Lifting operations

What you need to do

The law says that all lifting operations involving lifting equipment must be properly planned by a competent person; appropriately supervised; and carried out in a safe manner.

Cranes and lifting accessories such as slings must be of adequate strength, tested and subject to the required examinations and inspections.

All crane operators, and people involved in slinging loads and directing lifting operations, must be trained and competent.

What you need to know

Lifting operations include the use of:


There are four key aspects to the safe use of cranes:

Tower and mobile cranes are used extensively on construction projects and present two principal hazards:

  • Collapse of the crane – such incidents present significant potential for multiple fatal injuries, both on and off-site;
  • Falling of the load – these events also present a significant potential for death and major injury.

Other incidents have involved people being struck by moving loads, cranes contacting overhead conductors and cranes colliding with each other.

Important note for crane users: The legal responsibilities for safe lifting operations are usually shared between the crane hirer and crane user.

When a crane is hired the responsibility for planning, supervising and carrying out lifting operations rests with the user unless these responsibilities are explicitly assumed by the crane hire company under a 'contract lift'.

People who hire cranes but do not have the necessary competencies for safe planning and use will need to opt for a 'Contract Lift' from the crane hire company.    

Planning lifting operations

All lifting operations should be planned so they are carried out safely with foreseeable risks taken into account.

The person appointed to plan the lifting operation should have adequate practical and theoretical knowledge and experience of the lifts being undertaken.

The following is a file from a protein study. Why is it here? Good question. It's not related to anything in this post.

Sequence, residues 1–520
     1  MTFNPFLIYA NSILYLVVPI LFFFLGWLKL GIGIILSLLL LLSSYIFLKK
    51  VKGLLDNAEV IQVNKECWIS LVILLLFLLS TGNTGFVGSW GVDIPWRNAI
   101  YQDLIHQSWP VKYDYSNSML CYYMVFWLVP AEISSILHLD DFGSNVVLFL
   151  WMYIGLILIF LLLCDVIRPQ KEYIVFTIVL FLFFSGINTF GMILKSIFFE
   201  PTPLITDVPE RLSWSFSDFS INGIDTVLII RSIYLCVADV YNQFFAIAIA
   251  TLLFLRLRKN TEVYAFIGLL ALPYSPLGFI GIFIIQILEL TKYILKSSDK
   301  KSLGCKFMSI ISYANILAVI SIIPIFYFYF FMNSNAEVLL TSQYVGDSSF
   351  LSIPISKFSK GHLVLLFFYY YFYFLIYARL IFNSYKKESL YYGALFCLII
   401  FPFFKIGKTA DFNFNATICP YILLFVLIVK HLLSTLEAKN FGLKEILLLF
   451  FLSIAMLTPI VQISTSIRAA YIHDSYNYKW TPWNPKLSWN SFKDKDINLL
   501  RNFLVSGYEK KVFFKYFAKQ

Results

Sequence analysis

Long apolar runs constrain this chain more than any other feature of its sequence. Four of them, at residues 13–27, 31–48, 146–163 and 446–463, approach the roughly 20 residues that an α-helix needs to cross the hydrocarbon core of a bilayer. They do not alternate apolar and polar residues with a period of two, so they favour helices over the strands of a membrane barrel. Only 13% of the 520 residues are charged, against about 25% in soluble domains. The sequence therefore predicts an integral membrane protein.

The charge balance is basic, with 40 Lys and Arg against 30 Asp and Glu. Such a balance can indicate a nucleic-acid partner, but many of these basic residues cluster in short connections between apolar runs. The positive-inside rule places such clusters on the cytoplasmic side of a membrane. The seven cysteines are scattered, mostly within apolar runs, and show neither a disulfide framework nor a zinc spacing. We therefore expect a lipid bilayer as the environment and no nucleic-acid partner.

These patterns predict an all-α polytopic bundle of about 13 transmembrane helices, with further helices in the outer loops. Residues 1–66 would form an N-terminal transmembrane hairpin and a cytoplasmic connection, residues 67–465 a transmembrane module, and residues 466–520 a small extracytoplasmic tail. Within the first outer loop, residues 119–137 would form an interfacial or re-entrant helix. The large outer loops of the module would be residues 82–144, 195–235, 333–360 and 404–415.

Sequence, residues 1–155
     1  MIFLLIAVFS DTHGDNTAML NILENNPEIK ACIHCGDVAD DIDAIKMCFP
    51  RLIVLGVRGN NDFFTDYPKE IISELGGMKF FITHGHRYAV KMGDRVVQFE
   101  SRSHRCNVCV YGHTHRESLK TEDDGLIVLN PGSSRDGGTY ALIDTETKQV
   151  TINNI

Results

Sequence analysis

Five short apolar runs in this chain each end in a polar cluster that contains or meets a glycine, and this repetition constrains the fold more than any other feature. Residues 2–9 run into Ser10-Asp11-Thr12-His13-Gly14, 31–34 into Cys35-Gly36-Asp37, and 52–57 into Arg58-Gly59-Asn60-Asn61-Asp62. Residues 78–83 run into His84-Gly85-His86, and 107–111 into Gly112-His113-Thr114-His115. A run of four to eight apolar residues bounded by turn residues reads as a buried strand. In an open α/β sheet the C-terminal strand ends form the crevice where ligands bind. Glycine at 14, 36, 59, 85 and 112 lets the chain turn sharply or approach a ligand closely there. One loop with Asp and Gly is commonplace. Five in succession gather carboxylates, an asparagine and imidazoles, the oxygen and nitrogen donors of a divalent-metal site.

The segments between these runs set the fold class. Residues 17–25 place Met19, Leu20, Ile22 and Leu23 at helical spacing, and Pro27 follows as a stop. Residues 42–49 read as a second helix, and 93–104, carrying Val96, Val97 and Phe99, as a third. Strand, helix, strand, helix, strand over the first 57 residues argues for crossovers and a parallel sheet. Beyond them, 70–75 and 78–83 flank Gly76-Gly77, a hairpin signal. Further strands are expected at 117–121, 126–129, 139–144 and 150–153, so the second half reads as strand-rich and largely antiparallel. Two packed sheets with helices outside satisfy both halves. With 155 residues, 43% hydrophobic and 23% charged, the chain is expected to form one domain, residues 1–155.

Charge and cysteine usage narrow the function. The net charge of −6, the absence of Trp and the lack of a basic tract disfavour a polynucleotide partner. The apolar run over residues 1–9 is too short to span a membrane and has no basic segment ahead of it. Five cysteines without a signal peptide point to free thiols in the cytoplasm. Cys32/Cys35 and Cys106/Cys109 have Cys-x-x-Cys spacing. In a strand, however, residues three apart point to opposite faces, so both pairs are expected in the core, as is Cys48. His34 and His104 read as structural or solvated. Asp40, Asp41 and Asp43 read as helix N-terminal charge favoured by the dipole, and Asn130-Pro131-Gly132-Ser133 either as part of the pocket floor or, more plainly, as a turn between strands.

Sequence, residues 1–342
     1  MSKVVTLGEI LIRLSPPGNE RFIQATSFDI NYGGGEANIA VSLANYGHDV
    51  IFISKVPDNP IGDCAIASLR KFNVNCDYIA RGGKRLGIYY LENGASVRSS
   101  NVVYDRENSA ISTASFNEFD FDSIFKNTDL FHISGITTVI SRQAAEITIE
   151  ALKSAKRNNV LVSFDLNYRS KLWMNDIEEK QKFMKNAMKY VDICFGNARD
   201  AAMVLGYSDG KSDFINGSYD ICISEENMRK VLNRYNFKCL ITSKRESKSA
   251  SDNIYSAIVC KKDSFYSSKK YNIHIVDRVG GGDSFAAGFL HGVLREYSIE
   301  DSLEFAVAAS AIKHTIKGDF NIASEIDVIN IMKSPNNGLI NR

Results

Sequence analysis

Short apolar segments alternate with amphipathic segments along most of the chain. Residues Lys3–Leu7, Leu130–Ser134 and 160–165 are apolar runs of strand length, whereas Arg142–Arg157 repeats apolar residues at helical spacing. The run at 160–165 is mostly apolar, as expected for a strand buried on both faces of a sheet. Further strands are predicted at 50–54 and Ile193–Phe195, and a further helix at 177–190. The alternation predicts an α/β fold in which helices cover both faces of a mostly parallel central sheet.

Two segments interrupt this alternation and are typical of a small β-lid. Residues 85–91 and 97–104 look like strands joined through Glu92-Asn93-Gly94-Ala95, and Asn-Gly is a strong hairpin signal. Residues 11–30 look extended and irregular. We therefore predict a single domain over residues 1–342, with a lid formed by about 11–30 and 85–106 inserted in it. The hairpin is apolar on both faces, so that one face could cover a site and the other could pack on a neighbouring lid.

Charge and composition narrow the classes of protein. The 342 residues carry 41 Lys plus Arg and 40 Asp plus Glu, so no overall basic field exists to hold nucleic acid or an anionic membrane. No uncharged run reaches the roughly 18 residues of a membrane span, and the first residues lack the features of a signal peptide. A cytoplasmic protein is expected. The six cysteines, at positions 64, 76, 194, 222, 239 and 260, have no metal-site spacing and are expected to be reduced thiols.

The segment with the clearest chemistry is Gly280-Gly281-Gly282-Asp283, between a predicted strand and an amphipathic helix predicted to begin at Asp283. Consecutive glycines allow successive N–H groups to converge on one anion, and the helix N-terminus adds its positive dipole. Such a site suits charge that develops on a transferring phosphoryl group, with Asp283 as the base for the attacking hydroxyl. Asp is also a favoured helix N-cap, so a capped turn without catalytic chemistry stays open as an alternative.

The plan will need to address the risks identified by a risk assessment, the resources required, procedures and the responsibilities so that any lifting operation is carried out safely.

The plan should ensure that the lifting equipment remains safe for the range of lifting operations for which the equipment might be used.

British Standard BS 7121Part 1 2006 sets out an acceptable standard for managing lifting operations using cranes on construction projects.

Safe systems of work

You must plan lifting operations carefully to ensure they are carried out safely. Your plan should result in a safe system of work and this information should be recorded. This record is sometimes known as a method statement and you must ensure that everyone involved understands it.

Key elements include:

  • planning – including site preparation, crane erection and dismantling;
  • selection, provision and use of a suitable crane and work equipment
  • including safe slinging and signalling arrangements;
  • maintenance and examination of the crane and equipment;
  • provision of properly trained and competent personnel;
  • supervision of operations by personnel having the necessary authority;
  • thorough examinations, reports and other documents;
  • preventing unauthorised movement or use of the crane; and
  • measures to secure safety of persons not involved in the lifting.    

Supervision of lifting

The right level of supervision must be in place for lifting operations, reflecting the degree of risk and personnel involved in the particular lifting operation.

The crane supervisor should direct and supervise the lifting operation to make sure it is carried out in accordance with the method statement.

The crane supervisor should be competent and suitably trained and should have sufficient experience to carry out all relevant duties and authority to stop the lifting operation if it is judged dangerous to proceed.

Thorough examination

There are strict legal requirements concerning the thorough examination of all cranes: